What Makes Jesus Relatable?


As I shared in a recent post, it’s only been in recent years, that the reality of Jesus being fully man and the importance of that has come home to me. Why is it so important that Jesus was & is fully human too; and not only fully God? The short answer is that He becomes relatable!

Since then, I’ve begun to discover stories in the gospels where Jesus felt frustrated, felt abandoned and perhaps a sense of failure, felt unrecognised, lonely, felt abused and needed to separate, bored, the pain of having wayward children, vulnerable, physically stripped of his dignity, powerless, sorrow, grief, despised, rejected and so on

A lot of us were sort of taught (no one actually said this but you were taught) that Jesus was in this whole different category. This is where the de-humanisation of Jesus comes in.

What it’s like for me when I suffer, wasn’t really that way for Jesus. Yeah, I feel the pain of loneliness & grief and people are not around when I need them. But somehow, we think Jesus never felt like that because we’re not in touch with his humanity.

We can tend to de-humanise Jesus and make him this holy figure, that we can’t relate to. But Jesus was a real person – he needed to eat & sleep, he laughed & cried. The Bible talks about how he was tempted in every way that we are, but he was without sin (Hebrews 4:15). That means, whatever we’ve longed for, felt or desired, Jesus has been there – he’s felt those things too. So, when we talk with Jesus, one of the things we have in common, is our humanity. He suffered through all of those things we suffer.

There’s a beautiful verse in the Bible, where St. Paul says, “that I may know Christ and the power of his resurrection and the fellowship of his suffering…” (Philippians 3:10). ‘Fellowship’ means ‘what we share in common’ and the ‘fellowship of suffering’ is that when you’ve suffered, you and Jesus have something in common to talk about.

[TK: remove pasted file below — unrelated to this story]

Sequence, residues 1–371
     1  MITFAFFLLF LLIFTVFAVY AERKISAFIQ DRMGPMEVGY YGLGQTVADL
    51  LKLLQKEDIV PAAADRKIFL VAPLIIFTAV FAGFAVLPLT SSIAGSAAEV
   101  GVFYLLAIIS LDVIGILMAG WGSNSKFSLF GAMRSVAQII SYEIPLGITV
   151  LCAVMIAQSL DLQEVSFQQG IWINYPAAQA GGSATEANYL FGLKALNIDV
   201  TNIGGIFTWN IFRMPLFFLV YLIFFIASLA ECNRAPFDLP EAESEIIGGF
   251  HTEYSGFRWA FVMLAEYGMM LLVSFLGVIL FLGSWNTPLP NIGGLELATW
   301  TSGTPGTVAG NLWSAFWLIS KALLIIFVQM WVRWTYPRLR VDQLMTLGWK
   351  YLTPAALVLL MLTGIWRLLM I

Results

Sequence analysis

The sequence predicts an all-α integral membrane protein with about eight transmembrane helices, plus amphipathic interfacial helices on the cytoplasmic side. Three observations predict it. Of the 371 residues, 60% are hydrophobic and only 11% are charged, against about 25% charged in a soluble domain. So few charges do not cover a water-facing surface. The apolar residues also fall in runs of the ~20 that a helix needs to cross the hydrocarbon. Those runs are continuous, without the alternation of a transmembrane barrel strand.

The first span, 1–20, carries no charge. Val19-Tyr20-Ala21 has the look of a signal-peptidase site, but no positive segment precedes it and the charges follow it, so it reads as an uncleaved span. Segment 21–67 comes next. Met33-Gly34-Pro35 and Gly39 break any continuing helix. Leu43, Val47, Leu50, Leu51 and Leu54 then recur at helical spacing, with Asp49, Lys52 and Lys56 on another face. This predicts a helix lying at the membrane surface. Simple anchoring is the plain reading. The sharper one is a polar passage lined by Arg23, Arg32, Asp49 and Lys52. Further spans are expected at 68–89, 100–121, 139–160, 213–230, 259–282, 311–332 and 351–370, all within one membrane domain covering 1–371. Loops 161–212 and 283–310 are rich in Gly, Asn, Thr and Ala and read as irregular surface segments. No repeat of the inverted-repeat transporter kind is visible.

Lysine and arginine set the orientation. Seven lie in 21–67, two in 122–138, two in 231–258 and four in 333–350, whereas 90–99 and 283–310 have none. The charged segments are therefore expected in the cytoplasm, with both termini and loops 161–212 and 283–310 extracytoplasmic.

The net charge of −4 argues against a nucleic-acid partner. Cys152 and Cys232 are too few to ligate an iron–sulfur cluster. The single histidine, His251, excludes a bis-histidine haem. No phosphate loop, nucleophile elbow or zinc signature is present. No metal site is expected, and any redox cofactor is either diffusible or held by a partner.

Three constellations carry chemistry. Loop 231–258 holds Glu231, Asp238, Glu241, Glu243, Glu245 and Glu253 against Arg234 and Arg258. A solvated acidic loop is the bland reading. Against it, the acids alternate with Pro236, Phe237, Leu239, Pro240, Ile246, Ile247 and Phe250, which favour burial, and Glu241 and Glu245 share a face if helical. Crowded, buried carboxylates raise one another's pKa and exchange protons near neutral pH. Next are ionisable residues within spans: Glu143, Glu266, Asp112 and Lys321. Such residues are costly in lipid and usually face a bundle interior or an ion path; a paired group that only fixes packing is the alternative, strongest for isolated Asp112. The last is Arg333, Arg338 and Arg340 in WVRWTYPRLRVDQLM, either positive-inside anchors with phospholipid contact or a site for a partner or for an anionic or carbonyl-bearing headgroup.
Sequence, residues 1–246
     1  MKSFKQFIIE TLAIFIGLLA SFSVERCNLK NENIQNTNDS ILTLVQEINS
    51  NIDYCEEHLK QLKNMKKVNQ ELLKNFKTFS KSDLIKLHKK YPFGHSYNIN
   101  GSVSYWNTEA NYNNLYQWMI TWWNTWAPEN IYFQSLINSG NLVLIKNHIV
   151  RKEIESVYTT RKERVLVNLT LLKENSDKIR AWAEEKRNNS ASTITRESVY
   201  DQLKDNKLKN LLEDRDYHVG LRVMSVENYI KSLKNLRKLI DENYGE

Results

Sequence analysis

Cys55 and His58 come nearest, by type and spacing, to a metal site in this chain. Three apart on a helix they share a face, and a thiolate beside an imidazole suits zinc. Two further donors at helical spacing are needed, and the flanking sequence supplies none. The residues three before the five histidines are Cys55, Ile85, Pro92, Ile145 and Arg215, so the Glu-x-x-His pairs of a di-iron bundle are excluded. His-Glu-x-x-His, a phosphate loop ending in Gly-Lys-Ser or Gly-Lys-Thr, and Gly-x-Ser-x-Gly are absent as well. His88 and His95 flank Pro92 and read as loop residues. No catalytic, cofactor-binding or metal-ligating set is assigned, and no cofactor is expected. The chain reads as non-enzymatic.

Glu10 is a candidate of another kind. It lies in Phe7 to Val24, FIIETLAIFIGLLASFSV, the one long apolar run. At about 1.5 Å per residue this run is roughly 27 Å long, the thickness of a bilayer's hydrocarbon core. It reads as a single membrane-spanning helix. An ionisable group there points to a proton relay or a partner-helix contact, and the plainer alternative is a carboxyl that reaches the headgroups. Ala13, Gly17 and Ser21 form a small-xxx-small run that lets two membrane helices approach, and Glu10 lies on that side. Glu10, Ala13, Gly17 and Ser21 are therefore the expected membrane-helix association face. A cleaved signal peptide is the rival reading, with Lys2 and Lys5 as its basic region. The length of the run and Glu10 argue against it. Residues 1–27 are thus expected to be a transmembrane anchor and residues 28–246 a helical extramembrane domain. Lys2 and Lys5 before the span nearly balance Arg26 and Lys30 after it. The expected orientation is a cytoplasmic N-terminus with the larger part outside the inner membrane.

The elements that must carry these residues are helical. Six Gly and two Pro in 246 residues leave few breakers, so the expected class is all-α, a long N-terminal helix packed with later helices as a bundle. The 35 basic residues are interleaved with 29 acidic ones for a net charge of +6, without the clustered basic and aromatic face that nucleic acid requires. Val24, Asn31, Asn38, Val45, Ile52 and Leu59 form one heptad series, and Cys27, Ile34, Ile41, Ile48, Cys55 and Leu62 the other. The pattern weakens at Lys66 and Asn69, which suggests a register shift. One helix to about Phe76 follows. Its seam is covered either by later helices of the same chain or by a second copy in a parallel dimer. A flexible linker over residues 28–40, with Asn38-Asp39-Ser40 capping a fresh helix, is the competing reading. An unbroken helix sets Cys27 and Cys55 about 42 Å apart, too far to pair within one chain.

Why don’t you try it out?

Identify a place of suffering in your life (for e.g. you’ve experienced injustice, humiliation, marginalisation etc.)

Ask Jesus, “Jesus, when did you experience these feelings in your life? 

Listen to what He wants to tell you.

Then ask him to tell you more about how it affected him. For e.g. ‘Jesus, what was it like for you when this happened?’

Once you experience his fellowship with you in your suffering, it can be helpful to also ask him further questions like, ‘Jesus, what did you do when your heart hurt?’ or ‘Jesus, how did you handle it when __ happened to you?’

If you’ve been exposed to a version of Jesus that is distant and not relatable, I encourage you to watch ‘The Chosen’, a multi-season television series, which will help you get a fresh perspective on Jesus and those who first encountered him. It will help you see Jesus as so much more relatable. You can watch the series for free here: https://www.yidio.com/show/the-chosen

Explore More

What’s your understanding of the church?

The Bible uses various images to describe the church, to help us understand its many facets. When I came across this meme a few years back, it stayed with me, because it helped me better understand the church as a type of ‘spiritual gym’ which I am a part of, because it’s a space where I can receive God and other people’s help, to keep working on my many dysfunctions and become healthier over time. It also helps overcome false images of the church – like the understanding that it is an exclusive club for those who claim to be perfect or morally superior than others.

Growing in a Relationship of Mercy as couples

Through experiencing my wife’s love when I fail /least deserve it, has made me more grateful for our relationship, because it has taken away the fear of being punished /rejected for my failures. I also feel closer to her as a result. And it has helped me to become more merciful myself.

Witnesses of Jesus’ Resurrection

The theme of ‘witnesses’ – people who’ve experienced something – speaks to something that is really distinctive to the Christian faith. Christianity is not a philosophy – though it can incorporate philosophy; it’s not primarily a mysticism – though it can incorporate mysticism; it’s not a religion that comes welling up out of natural experience – though it can accommodate that. Christianity is about something that happened; and there were witnesses of it. Without that, Christianity falls apart.